James Trafford Connacher, a long time resident of Corona, CA, passed away at Kindred Hospital, Rancho Cucamonga, CA after a lengthy illness. James was born in Indiana, PA to Lisle and Mary Connacher, and grew up in Clymer, PA. He was their only son; he had three sisters. During his senior high school year, James met the love of his life, Sondra Sunday, while she was working as a cashier at a grocery store. James often joked that Sondra’s father begged him to marry her, or she would “throw herself from the town bridge in grief”. They were married shortly after he joined the Marines. James joined the United States Marine Corps shortly after graduating high school in what would become his first career. James was a patriot who spent 20 years in the Marines. He found himself in aviation as a helicopter mechanic, which led him to being a crew chief on various helicopters. He served four tours in Vietnam, being shot down on one occasion. But luckily after evading the enemy for one night, he was rescued the following day. During the course of his service he traveled the world, and was stationed in many countries, and for a while was assigned to the USS Boxer as a Fleet Marine with his aviation unit. While in the Marines James was recognized for his exceptional service and devotion to duty, and was selected as one of the first recipients of the Marine Corps Air Crewman Award (now an annual award recognizing exceptional Marine Corps Air Crewmen). James participated in numerous rescue operations (both military and civilian), and he received several life-saving awards, which were personally presented to him by Igor Sikorsky (the developer of the Sikorsky Helicopter). One of James’ proudest moments was when General Krulak pinned his Combat Air Crew “Wings” on him after the siege at Khe Sanh. James’ last duty station was Marine Corps Air Station Tustin (known as LTA for the Lighter Than Air ships that were once stationed there). While flying over Southern California, he noticed the then small town of Corona, CA, and thought it would be a nice place for his family to settle down at the end of his final enlistment. He retired in 1978 as a Second Lieutenant having risen through the ranks from Private. After retiring from the Marines, James began his second career working for Alcoa Aluminum at the Corona Foundry. He started on the Foundry floor, and ultimately worked his way up to the position of Foundry supervisor, where he was responsible for supervising the molding casts for various military projects including the cruise missile. After retiring from Alcoa, James, who was a licensed pilot, returned to his love of aviation keeping his hand in by working as an air frame and power mechanic for several local flight schools. He often said he did this so he could continue to fly on the cheap. James was a long time member of the American Legion Post #0742, Corona CA. His hobbies included shooting and reloading his own ammunition (he was a lifetime member of the NRA), wood working and wood carving (he was a member of the Norco Chip Chuckers), fishing, and traveling with Sondra in their travel trailer. James had an appetite for knowledge, and loved to learn “what made things tick”. For example, when he got into the sport of shooting, he wanted to know how firearms worked, so he took a gunsmith course, which led to his building several of his own firearms. He took up SCUBA diving. Not content to just learn to dive, he fashioned his own air tanks, built his own air regulator, melted and molded his own lead weight belt, and constructed his own wetsuit. James is survived by his wife of 59 years, Sondra; his son Timothy (Pam); his daughter Tammi Meeks (Bruce); grandchildren Nikole Sanchez (Daniel), Rebecca Meeks (Jake), Christina Sesepasara (Lepe), Patrick Meeks all of Riverside, CA, and Stephanie Rust (Joseph) of Omaha, NE; and eight great grandchildren. Of all the titles James held, the ones that meant most to him were “Papa” to his grandchildren and “G-Paw” to his great grandchildren. James was loved by his family, and will be truly missed.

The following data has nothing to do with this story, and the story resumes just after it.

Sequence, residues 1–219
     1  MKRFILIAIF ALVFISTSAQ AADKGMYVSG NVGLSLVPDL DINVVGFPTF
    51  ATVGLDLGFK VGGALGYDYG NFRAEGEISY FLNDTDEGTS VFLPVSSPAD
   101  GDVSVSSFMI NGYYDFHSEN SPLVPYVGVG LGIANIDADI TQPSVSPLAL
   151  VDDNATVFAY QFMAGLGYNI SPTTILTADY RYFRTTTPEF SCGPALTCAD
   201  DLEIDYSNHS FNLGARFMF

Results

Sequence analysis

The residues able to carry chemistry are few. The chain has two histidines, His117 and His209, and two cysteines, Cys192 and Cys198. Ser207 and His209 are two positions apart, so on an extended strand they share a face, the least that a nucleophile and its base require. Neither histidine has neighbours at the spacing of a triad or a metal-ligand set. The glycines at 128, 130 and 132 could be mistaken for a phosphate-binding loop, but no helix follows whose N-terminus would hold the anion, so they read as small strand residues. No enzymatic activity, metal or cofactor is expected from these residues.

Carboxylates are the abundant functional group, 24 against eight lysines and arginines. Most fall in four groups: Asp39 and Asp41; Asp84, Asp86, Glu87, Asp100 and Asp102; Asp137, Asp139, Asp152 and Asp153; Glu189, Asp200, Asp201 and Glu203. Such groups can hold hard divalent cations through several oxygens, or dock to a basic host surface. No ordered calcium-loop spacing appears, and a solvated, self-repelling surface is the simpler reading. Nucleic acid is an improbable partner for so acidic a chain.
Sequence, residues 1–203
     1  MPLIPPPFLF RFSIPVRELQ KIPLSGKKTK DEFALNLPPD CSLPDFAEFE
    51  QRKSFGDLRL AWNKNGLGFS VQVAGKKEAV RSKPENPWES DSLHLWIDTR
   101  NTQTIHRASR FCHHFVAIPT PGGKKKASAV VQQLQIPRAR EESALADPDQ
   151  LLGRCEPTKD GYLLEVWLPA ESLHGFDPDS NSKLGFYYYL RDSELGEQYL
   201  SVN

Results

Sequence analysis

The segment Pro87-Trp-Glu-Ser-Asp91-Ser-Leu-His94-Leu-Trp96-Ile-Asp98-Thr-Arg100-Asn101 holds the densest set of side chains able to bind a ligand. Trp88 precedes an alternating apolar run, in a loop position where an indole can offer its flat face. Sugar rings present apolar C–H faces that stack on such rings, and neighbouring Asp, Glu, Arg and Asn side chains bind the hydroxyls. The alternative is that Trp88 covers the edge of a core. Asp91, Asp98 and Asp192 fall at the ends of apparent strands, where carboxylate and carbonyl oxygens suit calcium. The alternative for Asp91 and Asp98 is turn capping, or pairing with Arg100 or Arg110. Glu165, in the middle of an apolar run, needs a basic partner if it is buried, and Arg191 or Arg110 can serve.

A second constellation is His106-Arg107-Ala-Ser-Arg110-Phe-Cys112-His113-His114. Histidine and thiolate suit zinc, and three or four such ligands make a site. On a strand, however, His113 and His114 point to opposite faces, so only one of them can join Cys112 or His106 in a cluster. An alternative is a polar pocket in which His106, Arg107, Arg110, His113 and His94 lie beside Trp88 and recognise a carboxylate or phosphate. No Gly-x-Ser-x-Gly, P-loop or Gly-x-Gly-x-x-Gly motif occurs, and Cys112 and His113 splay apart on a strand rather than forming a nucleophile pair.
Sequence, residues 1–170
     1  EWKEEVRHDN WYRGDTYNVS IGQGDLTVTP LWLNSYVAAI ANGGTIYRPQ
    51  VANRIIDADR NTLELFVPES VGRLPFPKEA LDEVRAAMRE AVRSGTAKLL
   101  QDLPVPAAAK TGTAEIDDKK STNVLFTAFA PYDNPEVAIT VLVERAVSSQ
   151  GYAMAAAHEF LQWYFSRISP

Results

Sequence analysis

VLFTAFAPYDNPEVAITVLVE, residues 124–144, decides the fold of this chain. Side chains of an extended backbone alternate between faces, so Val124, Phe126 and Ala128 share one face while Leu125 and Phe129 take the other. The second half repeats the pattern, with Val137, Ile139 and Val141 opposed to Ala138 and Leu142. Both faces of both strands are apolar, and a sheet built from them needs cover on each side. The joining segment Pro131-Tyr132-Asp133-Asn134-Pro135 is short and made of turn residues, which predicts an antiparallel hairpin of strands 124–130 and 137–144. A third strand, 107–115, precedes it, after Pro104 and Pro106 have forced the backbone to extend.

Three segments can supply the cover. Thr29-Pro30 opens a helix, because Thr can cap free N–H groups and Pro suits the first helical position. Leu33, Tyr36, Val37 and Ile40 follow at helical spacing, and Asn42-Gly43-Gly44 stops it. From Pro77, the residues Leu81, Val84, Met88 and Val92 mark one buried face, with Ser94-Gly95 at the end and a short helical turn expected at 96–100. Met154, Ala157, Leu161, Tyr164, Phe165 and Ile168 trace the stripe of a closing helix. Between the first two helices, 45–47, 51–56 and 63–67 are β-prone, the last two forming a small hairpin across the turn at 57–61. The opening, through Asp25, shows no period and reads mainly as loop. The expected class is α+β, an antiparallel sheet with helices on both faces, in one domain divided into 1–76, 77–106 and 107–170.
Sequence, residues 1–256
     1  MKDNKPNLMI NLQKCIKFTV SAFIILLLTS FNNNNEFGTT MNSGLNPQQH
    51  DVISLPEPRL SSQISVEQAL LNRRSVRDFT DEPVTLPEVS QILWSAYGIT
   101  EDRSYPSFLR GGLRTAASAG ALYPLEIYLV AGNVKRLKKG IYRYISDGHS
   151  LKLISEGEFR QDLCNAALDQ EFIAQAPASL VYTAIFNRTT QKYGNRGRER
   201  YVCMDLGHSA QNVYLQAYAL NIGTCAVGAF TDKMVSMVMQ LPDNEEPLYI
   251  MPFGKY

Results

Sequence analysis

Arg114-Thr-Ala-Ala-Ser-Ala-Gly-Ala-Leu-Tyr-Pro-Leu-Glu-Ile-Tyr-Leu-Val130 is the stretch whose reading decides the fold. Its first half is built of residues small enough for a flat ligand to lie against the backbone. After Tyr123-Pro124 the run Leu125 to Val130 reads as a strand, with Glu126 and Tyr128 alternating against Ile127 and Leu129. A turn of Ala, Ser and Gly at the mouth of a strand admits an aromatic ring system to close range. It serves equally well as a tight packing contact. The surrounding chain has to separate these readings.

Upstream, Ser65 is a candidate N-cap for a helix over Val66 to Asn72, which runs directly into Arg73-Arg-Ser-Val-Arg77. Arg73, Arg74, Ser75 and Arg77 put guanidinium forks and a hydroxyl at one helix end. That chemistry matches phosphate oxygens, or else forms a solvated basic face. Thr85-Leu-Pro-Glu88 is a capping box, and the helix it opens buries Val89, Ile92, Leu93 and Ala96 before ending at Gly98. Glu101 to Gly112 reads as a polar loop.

It is with a heavy heart that we share the passing of Gregorio S. Rodriguez, on June 15, 2020 at the age of 86. Gregorio (Goyo) passed away peacefully, with his wife and family by his side at his home in Colton, California. Goyo was born in Colton to Francis and Gregorio Rodriguez. He graduated from Colton High School, played and lettered in varsity baseball. Following high school, he enlisted in the Army and was stationed at Fort Bragg, North Carolina – 82nd Airborne Division. Goyo recorded 19 jumps as a United States Paratrooper. After being honorably discharged from the Army he married the love of his life, Annie; and together raised five children. Goyo and Annie loved to travel, visiting six of the seven continents, casinos, and enjoyed dancing. In his spare time Goyo was on several bowling leagues, and on 5 different occasions he bowled a perfect score of 300. Goyo will be remembered as a Paratrooper, LA Dodgers and a true Rams fan. He had an amazing 86 years with over 60 years as a husband, dad, grandpa then a great grandpa. He was preceded in death by his father, mother, sisters, Rafaela, Senovia, Virginia, brothers Max and Arthur Rodriguez. He is survived by his wife, Annie, and children: Naomi Rodriguez, Gregg Rodriguez (Bonnie), Rhonda Florick (Greg), Bonnie Cruz (Arthur) and Gary Rodriguez (Darlene). Goyo’s memory also lives on in his fourteen grandchildren: Regina, Christine, Marissa, Arthur, Gary, Valerie, David, Catherine, Gregory, Victor, Aimee, Michael, Andy and Jeffrey; and his great-grandchildren: Madelynn, Malayna, Olivia, Molly and Lucas. He is also survived by his sisters, Rosa Moreno, Estella Gonzales and Mary Barrios.